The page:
Iran Sanctions
Oil price to rise, says Iran minister.

Iran's Minister of Economic Affairs and Finance Shamseddin Hosseini has indicated a rise in international oil price after 1 July, the date set by the European Union for the sanctions to come into effect.

Hosseini indicated that international oil prices might climb to $160 per barrel post sanctions. In February oil prices touched $110 a barrel following heightened tension in the Strait of Hormuz.

The minister was speaking to CNN's Fareed Zakaria GPS which would be aired on 21 May, according to a Bloomberg report.

"We must pay close attention when we speak of oil revenues and sanctions against oil sales, who are the winners and the losers of such sanctions?" Hosseini said during the interview, Bloomberg reported.

"Indeed, it is difficult. But not just for Iran. And we can all rest assured that there will be a considerable increase in international oil market prices. Now, is this the best approach?" he added.

Meanwhile, the G8 meeting held at Camp David discussed in detail the ways to contain Iran's nuclear programme which the Persian Gulf nation reiterates is a civilian nuclear programme.

Israel has earlier indicated that it will not wait for US nod to initiate an attack if Iran goes ahead with its nuclear ambitions.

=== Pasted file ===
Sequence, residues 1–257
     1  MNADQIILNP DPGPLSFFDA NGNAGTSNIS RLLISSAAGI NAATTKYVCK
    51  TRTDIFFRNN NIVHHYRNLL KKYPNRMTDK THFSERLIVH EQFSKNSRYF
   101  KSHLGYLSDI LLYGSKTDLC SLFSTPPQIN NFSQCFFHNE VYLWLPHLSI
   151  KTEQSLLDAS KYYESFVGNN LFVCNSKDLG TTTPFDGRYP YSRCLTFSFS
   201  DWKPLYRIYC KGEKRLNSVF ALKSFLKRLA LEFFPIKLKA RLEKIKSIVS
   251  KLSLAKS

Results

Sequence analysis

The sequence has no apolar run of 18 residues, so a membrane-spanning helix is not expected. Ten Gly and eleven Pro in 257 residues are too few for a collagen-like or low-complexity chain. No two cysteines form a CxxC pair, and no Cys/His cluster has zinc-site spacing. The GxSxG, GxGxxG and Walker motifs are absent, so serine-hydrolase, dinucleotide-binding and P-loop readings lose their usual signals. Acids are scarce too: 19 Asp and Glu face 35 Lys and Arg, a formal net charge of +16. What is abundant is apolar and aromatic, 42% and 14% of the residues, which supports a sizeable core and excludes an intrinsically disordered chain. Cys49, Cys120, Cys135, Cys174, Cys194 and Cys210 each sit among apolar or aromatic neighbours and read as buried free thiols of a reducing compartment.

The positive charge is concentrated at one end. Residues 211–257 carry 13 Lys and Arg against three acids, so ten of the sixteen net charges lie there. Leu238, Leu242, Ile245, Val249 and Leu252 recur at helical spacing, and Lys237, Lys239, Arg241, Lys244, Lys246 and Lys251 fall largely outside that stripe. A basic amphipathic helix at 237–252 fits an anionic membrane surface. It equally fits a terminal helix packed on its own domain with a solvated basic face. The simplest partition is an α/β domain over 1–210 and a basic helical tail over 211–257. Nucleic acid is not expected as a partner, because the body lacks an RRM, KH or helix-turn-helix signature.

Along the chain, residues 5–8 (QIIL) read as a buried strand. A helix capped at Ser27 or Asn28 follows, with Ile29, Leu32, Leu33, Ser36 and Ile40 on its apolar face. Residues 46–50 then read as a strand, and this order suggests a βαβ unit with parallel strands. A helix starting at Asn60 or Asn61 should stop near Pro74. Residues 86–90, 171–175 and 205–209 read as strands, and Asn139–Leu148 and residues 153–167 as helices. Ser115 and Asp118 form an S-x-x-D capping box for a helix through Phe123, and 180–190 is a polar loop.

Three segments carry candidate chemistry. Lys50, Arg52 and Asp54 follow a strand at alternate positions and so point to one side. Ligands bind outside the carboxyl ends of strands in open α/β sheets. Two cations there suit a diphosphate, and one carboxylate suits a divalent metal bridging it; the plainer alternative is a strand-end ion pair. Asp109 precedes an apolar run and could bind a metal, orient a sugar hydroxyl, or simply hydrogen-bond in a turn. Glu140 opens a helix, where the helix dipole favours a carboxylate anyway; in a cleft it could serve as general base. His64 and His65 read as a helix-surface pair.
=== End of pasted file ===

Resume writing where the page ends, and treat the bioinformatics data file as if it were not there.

The summit of the leading industrialised nations such as the US, Canada, the UK, Germany, France, Italy, Japan and Russia vowed to work together to arrest the eurozone economic crisis and to revitalise the global economy.

"We commit to take all necessary steps to strengthen and reinvigorate our economies and combat financial stresses, recognising that the right measures are not the same for each of us," read the joint statement issued by the leaders.

Hosseini opined that his country's economic foundation is strong enough to absorb the jolts of sanctions as was the case with the past 33 years.

"The economic strength of Iran is in such a way that can withstand these sanctions and will not be the only economy to suffer," said Hosseini during the interview.

Oil prices plunged to $92.50 in May, a fall of 12 percent mainly due to the slow growth of the world economy.